First Johanna Löwenherz Prize awarded to Simone Veil
Löwenherz (1857 – 1937) was a German woman active in the socialist women’s movement of the late 19th century whose seminal work Prostitution or Productivity, Property or Marriage?: A Study for the Women’s Movement was published in 1895. Persecuted by the Nazis for her political beliefs, she willed her house and property shortly before her death to a “benevolent fund for women’s welfare.” It was another 38 years before the city where she died was able to establish an award in her name.
In the intervening decades, Simone Veil (who was 10 at the time of Löwenherz’ death) had survived the Nazi camps of Auschwitz-Birkenau and Bergen-Belsen while losing her parents in the genocide. She became a lawyer, then a judge, and was eventually appointed as Minister of Health, where she presided over the first bill legalizing abortion and establishing women’s reproductive rights in France in 1974. In other government positions, Veil championed the rights of incarcerated women and legislated for dual parental control of family legal matters, the rights for mothers and their children by undeclared fathers, and adoption rights for women. Having been the first female minister in the French government, she later rose to be elected the first woman president of the new European Parliament.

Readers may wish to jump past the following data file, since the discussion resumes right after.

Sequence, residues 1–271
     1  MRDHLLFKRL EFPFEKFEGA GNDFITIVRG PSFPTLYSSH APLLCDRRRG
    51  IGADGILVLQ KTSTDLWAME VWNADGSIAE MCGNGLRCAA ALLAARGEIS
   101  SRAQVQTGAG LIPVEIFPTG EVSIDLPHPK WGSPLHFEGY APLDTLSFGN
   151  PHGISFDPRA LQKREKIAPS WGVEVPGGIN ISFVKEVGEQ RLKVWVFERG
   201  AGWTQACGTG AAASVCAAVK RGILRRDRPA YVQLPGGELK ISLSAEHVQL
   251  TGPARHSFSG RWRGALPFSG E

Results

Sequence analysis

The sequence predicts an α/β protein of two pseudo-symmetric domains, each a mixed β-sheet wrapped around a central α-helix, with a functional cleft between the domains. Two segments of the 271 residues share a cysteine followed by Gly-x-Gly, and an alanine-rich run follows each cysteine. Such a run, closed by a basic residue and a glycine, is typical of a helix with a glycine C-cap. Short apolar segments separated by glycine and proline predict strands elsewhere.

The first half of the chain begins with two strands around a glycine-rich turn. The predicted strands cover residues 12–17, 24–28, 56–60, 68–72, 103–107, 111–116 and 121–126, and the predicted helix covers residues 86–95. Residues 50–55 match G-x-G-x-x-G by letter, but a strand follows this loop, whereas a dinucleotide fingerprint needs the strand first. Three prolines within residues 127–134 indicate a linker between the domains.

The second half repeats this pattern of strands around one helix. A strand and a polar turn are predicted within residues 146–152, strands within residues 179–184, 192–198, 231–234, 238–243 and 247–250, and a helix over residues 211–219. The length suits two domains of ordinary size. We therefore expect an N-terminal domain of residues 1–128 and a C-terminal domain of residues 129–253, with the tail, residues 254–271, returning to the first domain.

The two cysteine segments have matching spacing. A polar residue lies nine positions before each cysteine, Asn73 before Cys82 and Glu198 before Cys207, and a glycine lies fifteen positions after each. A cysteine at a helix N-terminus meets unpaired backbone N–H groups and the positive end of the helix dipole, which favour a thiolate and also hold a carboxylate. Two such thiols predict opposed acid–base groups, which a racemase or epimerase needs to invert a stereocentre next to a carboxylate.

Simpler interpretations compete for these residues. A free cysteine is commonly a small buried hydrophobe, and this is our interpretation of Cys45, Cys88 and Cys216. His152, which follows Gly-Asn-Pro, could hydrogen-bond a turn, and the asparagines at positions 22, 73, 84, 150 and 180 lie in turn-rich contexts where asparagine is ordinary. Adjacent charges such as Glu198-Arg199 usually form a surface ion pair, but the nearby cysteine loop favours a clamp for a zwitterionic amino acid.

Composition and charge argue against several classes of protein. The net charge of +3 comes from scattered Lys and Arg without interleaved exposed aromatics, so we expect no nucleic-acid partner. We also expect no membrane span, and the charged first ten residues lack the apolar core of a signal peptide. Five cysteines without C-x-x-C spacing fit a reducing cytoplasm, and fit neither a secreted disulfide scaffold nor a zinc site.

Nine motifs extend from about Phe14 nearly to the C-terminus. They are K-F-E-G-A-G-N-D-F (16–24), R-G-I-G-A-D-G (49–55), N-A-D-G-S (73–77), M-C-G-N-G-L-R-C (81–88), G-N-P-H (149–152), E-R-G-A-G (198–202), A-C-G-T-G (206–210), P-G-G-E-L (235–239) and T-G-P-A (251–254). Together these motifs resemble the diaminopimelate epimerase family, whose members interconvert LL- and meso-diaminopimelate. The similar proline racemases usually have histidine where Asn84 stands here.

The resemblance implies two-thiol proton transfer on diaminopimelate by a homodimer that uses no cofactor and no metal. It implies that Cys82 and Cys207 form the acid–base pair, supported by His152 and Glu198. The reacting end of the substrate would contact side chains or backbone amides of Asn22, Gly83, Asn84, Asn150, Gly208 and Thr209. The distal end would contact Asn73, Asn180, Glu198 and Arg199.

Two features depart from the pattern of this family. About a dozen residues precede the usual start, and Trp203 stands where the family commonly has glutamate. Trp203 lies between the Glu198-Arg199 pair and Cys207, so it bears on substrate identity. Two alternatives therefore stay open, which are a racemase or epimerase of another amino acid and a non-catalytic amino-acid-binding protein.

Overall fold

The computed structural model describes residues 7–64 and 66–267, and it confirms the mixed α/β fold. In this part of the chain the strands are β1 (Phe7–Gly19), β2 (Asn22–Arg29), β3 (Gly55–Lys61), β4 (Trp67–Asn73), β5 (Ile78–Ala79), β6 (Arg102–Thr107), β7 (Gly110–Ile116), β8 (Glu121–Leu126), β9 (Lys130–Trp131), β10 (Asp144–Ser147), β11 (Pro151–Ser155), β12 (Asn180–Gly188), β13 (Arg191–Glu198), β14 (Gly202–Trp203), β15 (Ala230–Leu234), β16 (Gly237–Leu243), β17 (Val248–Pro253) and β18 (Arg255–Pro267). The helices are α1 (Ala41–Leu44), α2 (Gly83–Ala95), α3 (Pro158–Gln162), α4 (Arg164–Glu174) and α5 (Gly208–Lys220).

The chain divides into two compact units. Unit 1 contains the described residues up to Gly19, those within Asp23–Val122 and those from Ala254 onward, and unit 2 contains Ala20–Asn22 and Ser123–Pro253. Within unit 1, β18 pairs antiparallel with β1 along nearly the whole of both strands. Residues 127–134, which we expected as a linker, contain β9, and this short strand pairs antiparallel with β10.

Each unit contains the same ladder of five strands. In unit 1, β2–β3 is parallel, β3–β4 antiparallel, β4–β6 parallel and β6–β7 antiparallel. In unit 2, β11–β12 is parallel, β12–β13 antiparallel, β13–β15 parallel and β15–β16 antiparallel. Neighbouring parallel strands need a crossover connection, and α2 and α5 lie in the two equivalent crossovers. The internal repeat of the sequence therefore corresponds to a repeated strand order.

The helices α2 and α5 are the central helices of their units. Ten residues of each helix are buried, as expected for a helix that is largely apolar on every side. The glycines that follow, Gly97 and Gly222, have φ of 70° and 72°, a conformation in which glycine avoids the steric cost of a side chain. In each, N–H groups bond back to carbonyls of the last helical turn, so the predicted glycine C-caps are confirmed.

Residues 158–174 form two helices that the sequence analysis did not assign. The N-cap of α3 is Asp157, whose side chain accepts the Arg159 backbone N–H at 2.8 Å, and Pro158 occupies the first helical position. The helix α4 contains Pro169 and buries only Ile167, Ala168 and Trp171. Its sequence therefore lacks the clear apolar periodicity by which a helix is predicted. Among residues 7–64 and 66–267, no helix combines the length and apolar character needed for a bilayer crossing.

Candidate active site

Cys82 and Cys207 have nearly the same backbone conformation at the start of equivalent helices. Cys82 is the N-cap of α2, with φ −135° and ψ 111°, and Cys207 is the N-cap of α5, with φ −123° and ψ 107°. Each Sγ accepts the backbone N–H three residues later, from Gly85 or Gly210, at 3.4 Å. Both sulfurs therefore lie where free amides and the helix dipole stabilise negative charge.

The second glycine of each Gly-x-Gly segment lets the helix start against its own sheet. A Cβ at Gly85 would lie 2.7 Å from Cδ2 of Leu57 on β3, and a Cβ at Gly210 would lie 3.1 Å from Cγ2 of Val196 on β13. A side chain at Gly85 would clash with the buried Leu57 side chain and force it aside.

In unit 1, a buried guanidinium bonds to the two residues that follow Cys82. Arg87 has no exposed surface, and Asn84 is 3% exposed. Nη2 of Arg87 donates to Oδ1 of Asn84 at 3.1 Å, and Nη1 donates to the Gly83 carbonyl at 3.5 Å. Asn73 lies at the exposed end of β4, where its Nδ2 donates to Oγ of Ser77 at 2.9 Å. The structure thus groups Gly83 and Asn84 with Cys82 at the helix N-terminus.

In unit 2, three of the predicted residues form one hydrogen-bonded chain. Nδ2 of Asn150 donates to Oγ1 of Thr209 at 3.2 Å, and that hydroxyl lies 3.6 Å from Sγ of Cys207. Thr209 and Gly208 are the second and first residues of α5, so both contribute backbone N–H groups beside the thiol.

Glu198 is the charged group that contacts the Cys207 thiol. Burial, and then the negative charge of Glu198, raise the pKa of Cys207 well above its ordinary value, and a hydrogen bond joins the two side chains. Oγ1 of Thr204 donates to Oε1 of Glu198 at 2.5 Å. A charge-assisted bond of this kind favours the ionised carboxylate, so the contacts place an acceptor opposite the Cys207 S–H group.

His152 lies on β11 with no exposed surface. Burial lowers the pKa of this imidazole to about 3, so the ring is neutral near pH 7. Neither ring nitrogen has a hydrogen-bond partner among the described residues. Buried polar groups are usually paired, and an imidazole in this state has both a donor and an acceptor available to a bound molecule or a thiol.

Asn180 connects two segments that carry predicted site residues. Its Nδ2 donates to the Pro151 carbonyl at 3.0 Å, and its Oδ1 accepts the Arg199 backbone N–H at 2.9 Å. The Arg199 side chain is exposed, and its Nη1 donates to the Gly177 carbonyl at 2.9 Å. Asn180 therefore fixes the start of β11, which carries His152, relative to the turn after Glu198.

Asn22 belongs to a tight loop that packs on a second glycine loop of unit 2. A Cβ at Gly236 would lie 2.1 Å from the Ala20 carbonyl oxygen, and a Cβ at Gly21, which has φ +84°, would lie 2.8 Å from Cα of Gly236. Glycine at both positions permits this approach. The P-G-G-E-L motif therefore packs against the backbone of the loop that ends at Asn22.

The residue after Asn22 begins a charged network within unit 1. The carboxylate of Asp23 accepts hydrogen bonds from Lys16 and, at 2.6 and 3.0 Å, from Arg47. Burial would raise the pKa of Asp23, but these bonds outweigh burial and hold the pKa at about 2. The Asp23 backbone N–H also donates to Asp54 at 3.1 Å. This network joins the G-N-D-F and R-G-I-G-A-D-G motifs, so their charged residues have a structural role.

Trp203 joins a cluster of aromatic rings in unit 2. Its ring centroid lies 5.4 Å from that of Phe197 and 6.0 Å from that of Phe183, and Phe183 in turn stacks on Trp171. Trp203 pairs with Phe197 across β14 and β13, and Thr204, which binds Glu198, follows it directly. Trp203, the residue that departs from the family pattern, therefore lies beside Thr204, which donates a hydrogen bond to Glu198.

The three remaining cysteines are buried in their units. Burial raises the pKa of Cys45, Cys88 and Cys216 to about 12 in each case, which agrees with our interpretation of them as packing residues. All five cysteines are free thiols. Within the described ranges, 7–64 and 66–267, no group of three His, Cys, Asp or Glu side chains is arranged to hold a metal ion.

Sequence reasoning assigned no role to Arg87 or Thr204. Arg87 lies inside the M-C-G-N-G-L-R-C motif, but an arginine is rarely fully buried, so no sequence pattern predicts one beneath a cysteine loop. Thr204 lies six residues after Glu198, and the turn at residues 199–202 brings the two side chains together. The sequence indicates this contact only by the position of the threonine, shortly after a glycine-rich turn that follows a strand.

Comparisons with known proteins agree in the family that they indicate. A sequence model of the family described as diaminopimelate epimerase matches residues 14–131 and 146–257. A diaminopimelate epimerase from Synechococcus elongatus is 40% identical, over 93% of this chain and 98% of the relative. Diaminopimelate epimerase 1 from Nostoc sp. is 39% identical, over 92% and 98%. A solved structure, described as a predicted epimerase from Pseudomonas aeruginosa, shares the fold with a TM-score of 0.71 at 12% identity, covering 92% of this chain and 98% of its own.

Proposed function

One hundred and fifty years after the birth of the persecuted German radical, Simone Veil became the first beneficiary of the legacy of Johanna Löwenherz.